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Category : Children's care services > Looked after children

Decision : Upheld

Decision date : 19 Jan 2016

Summary

Complaint from a young woman, with the aid of a legal representative, that the council failed to act appropriately and in a timely manner to help her regularise her immigration status after she became a 'looked after child' in 2010.

The complaint

Complaint from a young woman, with the aid of a legal representative, that the council failed to act appropriately and in a timely manner to help her regularise her immigration status after she became a 'looked after child' in 2010. The young woman originally came into the UK from Nigeria to live with her mother in 2006 when she was 10. In early 2010 her mother returned to Nigeria without her. She became a 'looked after child' in September 2010 and she turned 18 in May 2013.

Finding

The Ombudsman upheld the complaint and found fault causing injustice.

Recommendations

To remedy the injustice caused to the young woman, the council should within three months of the date of the report:

  • apologise to her for the identified failings; and
  • pay her £5,000 to acknowledge the distress caused by the failure to provide consistent support and advice to her as a 'looked after child', and by the uncertainty caused that, if it were not for those faults, her application to the Home Office for leave to remain in the UK would have been as a child, which may have given her a greater chance of success. This amount also includes a sum to acknowledge the time and trouble caused because the council failed to consider her complaint as fully as it should have.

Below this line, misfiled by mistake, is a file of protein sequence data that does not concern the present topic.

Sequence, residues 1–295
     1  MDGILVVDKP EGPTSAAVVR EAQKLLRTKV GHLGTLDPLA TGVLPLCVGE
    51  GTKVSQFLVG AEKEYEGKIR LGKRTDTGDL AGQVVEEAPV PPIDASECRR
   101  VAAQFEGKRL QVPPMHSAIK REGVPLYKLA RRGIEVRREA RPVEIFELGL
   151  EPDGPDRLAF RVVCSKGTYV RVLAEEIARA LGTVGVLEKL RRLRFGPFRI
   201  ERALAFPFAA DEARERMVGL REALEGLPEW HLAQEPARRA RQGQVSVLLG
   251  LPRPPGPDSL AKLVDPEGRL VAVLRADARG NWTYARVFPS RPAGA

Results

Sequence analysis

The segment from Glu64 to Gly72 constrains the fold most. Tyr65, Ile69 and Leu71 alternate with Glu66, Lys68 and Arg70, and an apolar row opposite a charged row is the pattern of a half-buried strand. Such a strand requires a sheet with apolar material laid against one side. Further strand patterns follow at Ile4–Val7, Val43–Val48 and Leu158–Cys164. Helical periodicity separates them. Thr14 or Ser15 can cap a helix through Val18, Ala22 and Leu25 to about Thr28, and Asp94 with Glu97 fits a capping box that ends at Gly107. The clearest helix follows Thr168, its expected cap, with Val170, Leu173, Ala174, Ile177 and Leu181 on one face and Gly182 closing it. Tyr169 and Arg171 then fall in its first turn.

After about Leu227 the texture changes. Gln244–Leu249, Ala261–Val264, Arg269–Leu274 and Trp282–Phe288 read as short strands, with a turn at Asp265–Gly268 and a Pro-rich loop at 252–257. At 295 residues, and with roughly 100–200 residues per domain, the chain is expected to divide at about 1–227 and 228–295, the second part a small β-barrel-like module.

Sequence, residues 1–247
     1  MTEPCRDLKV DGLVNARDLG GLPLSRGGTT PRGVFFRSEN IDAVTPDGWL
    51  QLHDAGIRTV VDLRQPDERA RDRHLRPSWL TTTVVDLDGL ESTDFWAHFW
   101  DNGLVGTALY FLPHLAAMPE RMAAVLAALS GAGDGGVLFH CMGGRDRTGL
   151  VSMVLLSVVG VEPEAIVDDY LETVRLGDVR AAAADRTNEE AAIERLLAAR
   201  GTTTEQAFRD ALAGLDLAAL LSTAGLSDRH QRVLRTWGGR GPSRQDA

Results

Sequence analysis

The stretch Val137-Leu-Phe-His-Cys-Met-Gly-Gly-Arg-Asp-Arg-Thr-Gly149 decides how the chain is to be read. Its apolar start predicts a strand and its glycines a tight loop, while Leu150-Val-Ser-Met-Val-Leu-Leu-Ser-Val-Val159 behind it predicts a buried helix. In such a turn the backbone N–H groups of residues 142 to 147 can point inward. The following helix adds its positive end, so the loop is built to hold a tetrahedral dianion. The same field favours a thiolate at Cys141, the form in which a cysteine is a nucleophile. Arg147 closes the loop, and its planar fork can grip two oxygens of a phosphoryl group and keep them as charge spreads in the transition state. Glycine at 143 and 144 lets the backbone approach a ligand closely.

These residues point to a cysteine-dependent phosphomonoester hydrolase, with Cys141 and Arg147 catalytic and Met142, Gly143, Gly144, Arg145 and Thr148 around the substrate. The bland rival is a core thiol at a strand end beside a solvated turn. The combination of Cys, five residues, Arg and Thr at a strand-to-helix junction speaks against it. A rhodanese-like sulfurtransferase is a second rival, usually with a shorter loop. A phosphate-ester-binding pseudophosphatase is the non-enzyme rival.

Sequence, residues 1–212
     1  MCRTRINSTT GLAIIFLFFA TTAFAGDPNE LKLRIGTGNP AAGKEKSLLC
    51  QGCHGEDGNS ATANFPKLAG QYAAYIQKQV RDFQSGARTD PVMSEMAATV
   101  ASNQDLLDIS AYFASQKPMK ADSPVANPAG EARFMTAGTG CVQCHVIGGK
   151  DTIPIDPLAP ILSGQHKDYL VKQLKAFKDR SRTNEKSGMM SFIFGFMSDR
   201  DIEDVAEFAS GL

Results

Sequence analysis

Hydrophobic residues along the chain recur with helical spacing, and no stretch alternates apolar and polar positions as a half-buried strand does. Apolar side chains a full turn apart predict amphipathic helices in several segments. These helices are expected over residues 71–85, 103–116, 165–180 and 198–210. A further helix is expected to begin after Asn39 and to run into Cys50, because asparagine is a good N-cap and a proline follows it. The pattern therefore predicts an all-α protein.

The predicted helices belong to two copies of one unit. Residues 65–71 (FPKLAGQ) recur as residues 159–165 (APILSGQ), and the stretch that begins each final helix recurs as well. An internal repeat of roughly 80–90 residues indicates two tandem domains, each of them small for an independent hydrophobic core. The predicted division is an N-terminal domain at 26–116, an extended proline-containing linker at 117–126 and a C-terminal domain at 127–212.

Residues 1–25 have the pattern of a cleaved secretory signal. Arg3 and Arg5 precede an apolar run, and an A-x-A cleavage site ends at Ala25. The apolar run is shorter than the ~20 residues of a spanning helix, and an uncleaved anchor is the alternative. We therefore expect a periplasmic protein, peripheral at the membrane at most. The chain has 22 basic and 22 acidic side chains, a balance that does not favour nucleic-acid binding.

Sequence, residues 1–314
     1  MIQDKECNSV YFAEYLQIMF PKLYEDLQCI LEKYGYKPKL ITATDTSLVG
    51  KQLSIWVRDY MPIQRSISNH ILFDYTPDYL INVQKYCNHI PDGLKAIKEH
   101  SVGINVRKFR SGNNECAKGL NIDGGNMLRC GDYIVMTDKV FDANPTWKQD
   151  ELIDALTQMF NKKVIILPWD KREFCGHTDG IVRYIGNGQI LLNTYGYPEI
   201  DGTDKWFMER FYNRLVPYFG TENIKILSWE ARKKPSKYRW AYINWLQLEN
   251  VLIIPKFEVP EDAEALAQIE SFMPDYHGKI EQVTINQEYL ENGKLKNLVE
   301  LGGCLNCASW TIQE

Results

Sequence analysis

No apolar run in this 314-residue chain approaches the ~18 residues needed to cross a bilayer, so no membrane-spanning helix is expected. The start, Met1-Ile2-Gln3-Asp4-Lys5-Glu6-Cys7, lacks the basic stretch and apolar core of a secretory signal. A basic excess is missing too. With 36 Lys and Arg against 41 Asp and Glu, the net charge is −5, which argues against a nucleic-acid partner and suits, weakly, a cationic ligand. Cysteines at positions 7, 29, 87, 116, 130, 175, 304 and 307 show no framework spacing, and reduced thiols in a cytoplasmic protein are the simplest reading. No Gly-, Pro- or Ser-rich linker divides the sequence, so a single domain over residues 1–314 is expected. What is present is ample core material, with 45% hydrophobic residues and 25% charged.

To improve its practice in future the council should within three months of the date of this report:

  • provide specialist advice and guidance to its social work staff on the different requirements of the immigration rules, as they apply to children seeking asylum and those seeking leave to remain, and on the council's duties in this area;
  • devise an action plan to ensure it gives full and proper consideration to its duties to all its 'looked after children' who may be in need of legal advice, to meet its obligations as their corporate parent to safeguard and promote their welfare. In particular to those 'looked after children' with complex immigration problems who may need suitable and timely legal advice regarding their immigration status. It should clearly record the reasons if it has refused to arrange legal advice in such cases;
  • ensure officers record both the questions raised and any legal advice given; and
  • ensure all of the complaints it has considered at Stage 1 of statutory Children Act complaints procedure are progressed to Stage 2 if that is the complainant's wish, as is their right.

The council has accepted our recommendations.

Ombudsman satisfied with council's response: 27 May 2016

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